Experts offer dire warnings. The current drought has already eclipsed previous water crises, like the one in 1977, which a meteorologist friend, translating into language we understand as historians, likened to the “Great Depression” of droughts. Most Californians depend on the Sierra Nevada for their water supply, but the snowpack there was just 15 percent of normal in early February.

#9 The underground aquifers that so many California farmers depend upon are being drained at a staggering rate

Pumping from aquifers is so intense that the ground in parts of the valley is sinking about a foot a year. Once aquifers compress, they can never fill with water again. It’s no surprise Tom Willey wakes every morning with a lump in his throat. When we ask which farmers will survive the summer, he responds quite simply: those who dig the deepest and pump the hardest.

#10 According to an expert interviewed by National Geographic, the current drought in the state of California could potentially last for 200 years or more as some mega-droughts in the region have done in the past…

California is experiencing its worst drought since record-keeping began in the mid 19th century, and scientists say this may be just the beginning. B. Lynn Ingram, a paleoclimatologist at the University of California at Berkeley, thinks that California needs to brace itself for a megadrought—one that could last for 200 years or more.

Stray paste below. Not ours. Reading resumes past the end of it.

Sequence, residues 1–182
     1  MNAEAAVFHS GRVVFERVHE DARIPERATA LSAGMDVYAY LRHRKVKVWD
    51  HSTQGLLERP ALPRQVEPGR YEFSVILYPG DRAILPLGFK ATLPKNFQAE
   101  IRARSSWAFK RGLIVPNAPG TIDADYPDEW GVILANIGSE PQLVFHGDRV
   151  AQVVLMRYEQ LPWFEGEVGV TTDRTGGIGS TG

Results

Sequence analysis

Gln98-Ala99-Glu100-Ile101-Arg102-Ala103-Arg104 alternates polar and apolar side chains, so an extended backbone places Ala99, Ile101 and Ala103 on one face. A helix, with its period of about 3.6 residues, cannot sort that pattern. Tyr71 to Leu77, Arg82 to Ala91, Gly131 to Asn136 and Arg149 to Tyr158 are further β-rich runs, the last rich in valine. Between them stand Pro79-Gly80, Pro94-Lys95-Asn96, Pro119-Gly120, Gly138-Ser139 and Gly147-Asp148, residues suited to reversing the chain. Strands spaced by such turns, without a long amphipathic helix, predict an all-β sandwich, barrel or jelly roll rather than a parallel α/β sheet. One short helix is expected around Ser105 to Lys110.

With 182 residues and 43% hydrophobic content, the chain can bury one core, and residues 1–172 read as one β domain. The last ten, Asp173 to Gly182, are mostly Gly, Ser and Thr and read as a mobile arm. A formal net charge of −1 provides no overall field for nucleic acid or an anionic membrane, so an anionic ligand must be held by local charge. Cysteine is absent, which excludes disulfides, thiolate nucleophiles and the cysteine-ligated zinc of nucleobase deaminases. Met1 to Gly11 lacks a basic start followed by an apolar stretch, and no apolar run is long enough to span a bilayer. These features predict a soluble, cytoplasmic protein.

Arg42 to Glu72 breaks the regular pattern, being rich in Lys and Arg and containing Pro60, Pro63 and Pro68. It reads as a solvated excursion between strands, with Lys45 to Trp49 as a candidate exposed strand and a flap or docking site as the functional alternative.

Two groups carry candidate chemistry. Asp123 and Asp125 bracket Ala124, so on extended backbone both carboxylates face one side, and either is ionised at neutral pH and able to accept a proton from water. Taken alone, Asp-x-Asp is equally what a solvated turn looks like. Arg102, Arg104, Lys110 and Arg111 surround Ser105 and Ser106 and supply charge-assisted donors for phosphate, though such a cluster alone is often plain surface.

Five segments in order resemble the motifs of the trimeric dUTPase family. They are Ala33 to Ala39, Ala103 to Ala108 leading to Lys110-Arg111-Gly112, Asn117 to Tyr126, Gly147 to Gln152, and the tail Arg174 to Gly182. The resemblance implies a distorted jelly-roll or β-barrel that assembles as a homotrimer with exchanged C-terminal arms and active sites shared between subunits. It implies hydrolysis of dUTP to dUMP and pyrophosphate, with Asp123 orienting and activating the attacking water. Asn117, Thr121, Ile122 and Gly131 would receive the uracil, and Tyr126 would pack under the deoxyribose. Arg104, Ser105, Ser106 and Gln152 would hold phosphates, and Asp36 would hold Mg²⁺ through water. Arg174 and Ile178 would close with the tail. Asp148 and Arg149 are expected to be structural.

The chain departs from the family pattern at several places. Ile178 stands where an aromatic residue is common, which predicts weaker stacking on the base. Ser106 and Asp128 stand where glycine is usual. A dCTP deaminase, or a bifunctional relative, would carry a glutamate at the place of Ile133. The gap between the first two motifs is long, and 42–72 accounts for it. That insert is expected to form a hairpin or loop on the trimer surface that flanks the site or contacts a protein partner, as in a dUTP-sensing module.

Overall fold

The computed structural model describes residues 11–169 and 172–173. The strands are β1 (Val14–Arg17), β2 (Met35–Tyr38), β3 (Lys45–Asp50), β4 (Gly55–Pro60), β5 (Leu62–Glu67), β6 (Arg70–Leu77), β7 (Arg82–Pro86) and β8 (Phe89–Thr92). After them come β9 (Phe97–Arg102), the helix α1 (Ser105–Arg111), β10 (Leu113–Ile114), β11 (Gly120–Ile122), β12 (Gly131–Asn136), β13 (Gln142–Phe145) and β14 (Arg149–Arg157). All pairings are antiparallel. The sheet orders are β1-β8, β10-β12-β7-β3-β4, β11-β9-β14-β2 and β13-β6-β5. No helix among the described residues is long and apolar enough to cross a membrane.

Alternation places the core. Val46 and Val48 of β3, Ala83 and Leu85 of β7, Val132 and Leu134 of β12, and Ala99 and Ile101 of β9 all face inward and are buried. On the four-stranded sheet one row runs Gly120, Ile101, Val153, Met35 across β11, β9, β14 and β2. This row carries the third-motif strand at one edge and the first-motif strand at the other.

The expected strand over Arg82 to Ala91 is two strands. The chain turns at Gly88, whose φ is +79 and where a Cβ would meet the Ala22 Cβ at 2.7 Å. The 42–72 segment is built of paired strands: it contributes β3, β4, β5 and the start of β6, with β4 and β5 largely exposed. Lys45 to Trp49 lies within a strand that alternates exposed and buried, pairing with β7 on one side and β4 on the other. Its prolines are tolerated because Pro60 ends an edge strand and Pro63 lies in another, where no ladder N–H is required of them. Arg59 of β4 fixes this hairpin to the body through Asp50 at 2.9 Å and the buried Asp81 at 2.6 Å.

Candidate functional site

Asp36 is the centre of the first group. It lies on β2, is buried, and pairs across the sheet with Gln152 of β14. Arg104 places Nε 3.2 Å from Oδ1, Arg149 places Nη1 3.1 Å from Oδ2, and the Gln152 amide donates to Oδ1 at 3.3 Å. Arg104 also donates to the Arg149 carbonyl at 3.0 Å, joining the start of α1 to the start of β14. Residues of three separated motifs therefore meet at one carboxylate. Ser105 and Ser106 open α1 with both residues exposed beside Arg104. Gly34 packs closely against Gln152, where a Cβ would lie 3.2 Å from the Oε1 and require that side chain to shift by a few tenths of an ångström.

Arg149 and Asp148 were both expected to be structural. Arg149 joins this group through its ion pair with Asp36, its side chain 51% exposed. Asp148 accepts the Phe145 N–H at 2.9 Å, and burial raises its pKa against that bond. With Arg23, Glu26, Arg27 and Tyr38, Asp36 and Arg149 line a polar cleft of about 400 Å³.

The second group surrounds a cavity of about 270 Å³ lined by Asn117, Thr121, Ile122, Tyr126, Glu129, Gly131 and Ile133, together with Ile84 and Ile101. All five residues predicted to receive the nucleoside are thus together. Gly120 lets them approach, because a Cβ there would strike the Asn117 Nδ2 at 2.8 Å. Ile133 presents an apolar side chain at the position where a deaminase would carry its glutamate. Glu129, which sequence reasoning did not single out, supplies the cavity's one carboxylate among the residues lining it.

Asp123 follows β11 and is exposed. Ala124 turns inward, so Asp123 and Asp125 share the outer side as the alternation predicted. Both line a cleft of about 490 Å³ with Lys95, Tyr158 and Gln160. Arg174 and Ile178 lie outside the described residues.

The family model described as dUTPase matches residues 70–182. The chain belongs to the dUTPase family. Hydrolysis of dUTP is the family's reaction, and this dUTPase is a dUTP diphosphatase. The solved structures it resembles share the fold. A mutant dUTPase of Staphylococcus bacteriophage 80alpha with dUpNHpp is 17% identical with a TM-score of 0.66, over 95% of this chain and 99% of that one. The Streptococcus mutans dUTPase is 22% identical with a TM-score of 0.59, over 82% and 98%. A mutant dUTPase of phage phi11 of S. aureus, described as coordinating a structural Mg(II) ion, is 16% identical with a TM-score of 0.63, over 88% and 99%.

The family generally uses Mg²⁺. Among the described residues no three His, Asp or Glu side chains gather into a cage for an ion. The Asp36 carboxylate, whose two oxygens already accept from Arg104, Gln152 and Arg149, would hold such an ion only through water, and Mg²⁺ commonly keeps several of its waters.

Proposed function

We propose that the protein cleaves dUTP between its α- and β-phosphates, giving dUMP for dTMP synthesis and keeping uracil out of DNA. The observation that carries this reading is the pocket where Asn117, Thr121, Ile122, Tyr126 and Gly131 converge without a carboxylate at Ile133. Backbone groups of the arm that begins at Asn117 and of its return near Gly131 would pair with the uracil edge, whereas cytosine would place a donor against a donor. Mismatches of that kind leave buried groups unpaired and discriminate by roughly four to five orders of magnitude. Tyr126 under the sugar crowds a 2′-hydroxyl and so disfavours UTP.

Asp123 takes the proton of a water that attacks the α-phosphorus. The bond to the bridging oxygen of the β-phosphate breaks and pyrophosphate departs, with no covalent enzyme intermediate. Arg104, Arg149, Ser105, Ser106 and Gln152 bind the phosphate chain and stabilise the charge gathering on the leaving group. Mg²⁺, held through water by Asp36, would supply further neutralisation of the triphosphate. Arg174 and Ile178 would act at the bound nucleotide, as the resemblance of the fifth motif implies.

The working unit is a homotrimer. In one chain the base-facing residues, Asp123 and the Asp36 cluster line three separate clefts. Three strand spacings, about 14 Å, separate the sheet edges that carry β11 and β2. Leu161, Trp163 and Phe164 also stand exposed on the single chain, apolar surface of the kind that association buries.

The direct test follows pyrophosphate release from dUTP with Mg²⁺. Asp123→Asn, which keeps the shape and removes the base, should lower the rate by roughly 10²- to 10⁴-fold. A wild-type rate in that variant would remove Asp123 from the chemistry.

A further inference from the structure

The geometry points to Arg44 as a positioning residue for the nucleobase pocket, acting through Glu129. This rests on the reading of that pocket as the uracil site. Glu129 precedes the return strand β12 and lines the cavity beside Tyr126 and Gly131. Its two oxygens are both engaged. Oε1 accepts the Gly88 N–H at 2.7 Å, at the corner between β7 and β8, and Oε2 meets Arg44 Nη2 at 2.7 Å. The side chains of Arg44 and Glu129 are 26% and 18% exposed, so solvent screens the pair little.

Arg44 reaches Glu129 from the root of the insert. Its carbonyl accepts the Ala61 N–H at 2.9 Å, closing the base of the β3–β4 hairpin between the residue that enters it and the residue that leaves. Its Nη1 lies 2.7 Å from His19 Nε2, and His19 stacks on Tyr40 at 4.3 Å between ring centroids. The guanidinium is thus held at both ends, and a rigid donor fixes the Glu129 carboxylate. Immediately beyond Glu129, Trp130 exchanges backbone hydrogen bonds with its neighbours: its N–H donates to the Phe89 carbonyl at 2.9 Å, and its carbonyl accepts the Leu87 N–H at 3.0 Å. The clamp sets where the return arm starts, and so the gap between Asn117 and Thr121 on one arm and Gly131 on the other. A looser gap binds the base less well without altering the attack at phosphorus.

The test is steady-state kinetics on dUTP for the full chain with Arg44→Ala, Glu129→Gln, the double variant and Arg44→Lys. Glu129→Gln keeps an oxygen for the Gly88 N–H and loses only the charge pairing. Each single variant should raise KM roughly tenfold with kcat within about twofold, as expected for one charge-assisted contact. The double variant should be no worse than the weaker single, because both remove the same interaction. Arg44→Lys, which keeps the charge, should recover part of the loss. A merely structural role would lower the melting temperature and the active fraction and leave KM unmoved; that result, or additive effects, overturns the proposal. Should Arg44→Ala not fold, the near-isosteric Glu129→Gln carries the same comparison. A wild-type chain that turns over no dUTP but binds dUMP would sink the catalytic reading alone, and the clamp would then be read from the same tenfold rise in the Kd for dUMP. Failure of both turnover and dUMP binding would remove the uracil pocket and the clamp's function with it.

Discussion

#11 Much of the western U.S. has been exceedingly dry for an extended period of time, and this is hurting huge numbers of farmers and ranchers all the way from Texas to the west coast…

“Ranchers in the West are selling off their livestock,” Patzert said. “Farmers all over the Southwest, from Texas to Oregon, are fallowing in their fields because of a lack of water. For farmers and ranchers, this is a painful drought.”

#12 The size of the U.S. cattle herd has been shrinking for seven years in a row, and it is now the smallest that it has been since 1951.  But our population has more than doubled since then.

#13 Extremely unusual weather patterns are playing havoc with crops all over the planet right now.  The following is an excerpt from a recent article by Lizzie Bennett

Peru, Venezuela, and Bolivia have experienced rainfall heavy enough to flood fields and rot crops where they stand. Volcanic eruptions in Ecuador are also creating problems due to cattle ingesting ash with their feed leading to a slow and painful death.

Parts of Australia have been in drought for years affecting cattle and agricultural production.

Rice production in China has been affected by record low temperatures.